Ageia Technologies Denies Its Takeover by Third-Party

Ageia Technologies, the developer of so-called physics processing units (PPUs), on Tuesday denied reports about its acquisition by an undisclosed third party. The company said it remains independent and has a roadmap to execute.

The developer of physics processing units, dubbed PhysX, has been around for several years, however, due to the lack of many games that take advantage of PPUs the long-term success of Ageia has always been under question mark.

Currently Ageia is owned by a group of investors, including Apex Venture Partners, BA Venture Partners, HIG Ventures, Granite Global Ventures, CID Equity Partners, and VentureTech Alliance. Typically such companies are interested in either selling their startups to others, or making them public. However, this time Ageia denies any ownership change.

“We have no information about [the acquisition of Ageia]. There have been no changes [in the structure of investors]. As you know this kind of rumors pops up from time to time…” said Dan Forster, a spokesperson for Ageia Technologies.

Ageia’s PhysX is the world’s first physics processing unit (PPU), which offloads software physics processing from central processing units and graphics processing units to it. The architecture of the PhysX PPU is tailored for multi-threaded processing of vertexes, which allows game creators to develop detailed, soft and precise animation and simulation of movements, hair, clothing, liquids, fluids and other.

To take advantage of advanced capabilities the PhysX has, game developers have to create games using Novodex SDK supplied by Ageia, which requires some additional effort from them.

Fujitsu to Reorganize Semiconductor Business

Fujitsu Limited, a leading maker of various electronics, on Monday announced its decision to pursue the reorganization of its semiconductor manufacturing business divisions into a new subsidiary scheduled to be established within March 2008. The decision hardly comes as a surprise as numerous Japan-based electronics conglomerates recently announced plans to reorganize their chip manufacturing businesses.

The new subsidiary will enable Fujitsu to accelerate the growth of and intensify its focus on its ASSP (application specific standard product) business in addition to its ASIC (application specific integrated circuits) business, while moving forward with business development offering greater speed and flexibility that are characteristic of the LSI (large scale integration) industry.

Fujitsu also announced that development and mass-production prototyping of its advanced process technologies for the 90nm-generation and beyond will be consolidated to its Mie plant located in Mie prefecture of central Japan. Leveraging this consolidation, Fujitsu will strive to accelerate development of process technologies for 45nm-generation and beyond.

At present Fujitsu operates several semiconductor manufacturing plants in Japan, where it makes various chips for itself, its internal partners (e.g., Fujitsu Group or Fujitsu Siemens Computers) as well as external partners, among which are companies like S3 Graphics, graphics chip designer owned by Via Technologies. Since the company develops its fabrication technologies itself, it needs to streamline its operations considerably so that to remain profitable.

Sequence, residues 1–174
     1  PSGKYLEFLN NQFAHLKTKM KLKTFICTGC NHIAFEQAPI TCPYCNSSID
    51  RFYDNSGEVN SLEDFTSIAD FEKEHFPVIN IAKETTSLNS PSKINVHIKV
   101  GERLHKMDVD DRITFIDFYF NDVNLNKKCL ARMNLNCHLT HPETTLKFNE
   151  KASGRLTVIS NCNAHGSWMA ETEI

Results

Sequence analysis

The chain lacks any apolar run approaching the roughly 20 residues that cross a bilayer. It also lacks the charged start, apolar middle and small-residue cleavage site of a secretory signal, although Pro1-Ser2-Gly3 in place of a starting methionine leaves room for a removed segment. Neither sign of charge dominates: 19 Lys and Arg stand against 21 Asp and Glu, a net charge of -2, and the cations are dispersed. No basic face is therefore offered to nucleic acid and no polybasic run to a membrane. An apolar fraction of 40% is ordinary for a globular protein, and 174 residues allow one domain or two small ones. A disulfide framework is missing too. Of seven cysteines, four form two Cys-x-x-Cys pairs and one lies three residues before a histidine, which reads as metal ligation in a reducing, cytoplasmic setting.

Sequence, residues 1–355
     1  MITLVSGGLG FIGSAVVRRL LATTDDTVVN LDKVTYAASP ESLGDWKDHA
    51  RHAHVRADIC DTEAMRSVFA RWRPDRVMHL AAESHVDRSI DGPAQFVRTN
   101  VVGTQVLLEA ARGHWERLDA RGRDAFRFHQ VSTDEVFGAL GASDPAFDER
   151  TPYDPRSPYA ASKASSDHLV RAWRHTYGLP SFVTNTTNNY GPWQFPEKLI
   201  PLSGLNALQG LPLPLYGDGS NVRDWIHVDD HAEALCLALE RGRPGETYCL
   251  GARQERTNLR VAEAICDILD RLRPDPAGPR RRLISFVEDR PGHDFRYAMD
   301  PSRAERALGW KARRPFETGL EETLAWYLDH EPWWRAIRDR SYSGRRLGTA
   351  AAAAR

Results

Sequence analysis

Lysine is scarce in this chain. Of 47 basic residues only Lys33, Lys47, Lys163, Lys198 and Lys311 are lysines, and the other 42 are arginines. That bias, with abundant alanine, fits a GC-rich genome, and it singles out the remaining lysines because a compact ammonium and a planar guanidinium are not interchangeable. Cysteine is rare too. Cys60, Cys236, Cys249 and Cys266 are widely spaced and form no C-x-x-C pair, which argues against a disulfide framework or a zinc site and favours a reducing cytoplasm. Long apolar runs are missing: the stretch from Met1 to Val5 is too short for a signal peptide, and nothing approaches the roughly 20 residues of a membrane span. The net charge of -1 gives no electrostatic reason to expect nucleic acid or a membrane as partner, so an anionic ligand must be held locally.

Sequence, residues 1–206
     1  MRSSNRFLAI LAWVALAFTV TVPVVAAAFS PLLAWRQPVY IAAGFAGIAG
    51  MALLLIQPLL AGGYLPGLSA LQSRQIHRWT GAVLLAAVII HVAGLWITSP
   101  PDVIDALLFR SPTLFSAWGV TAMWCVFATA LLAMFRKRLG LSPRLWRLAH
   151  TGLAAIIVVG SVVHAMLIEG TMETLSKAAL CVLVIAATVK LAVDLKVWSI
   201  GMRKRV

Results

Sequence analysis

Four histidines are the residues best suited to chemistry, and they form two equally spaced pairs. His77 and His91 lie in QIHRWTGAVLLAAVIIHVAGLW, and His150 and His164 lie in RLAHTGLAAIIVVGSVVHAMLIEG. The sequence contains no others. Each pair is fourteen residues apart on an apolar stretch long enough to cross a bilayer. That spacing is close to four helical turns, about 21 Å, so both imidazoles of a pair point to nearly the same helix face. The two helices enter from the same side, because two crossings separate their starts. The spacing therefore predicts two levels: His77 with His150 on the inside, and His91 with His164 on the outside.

As part of Fujits’s initiative to structurally reform its LSI business, advanced process technology development for 90nm-generation and beyond, and 90-nm-generation logic LSI mass-production prototyping, functions which have thus far been conducted at the Akiruno TC plant, will be transferred to the Mie plant, which processes 300mm wafers. Transferring development operations to a single plant is likely to improve technology development timeframes at Fujitsu, while keeping the costs on approximately the same level as today.

The reorganization is scheduled to be implemented in March 2008. Details regarding the new subsidiary to be established as a result of the reorganization are currently under consideration, and are scheduled to be announced when available.

AMD Reportedly On Track with Next-Generation Graphics Chips

ATI, graphics product group of Advanced Micro Devices, reportedly aims to release its next-generation code-named R700-series graphics processing units (GPUs) in mid-2008. The news comes as a surprise, as earlier it was revealed that the ATI R700-series chips are only due either in late 2008 or early in 2009.

According to a news-story by Chinese news-paper Commercial Times (which article was partly translated by DigiTimes web-site), AMD’s code-named ATI RV770 GPU is due to be commercially released in late Q2 2008. Two of such chips are projected to power AMD’s new high-performance ATI R700 graphics card.

The new graphics solutions, which official name is likely to be ATI Radeon HD 4000, are expected to feature new architecture, which will be more efficient compared to current ATI R700-series.

The first ATI RV770 chips have been reportedly delivered to graphics cards makers, however, there is no information regarding performance or feature-set of the new series of graphics products. The new family of ATI’s GPUs is expected to boost competitive positions of AMD on the market and help to fight back the lost market share from Nvidia Corp.

AMD did not comment on the news-story.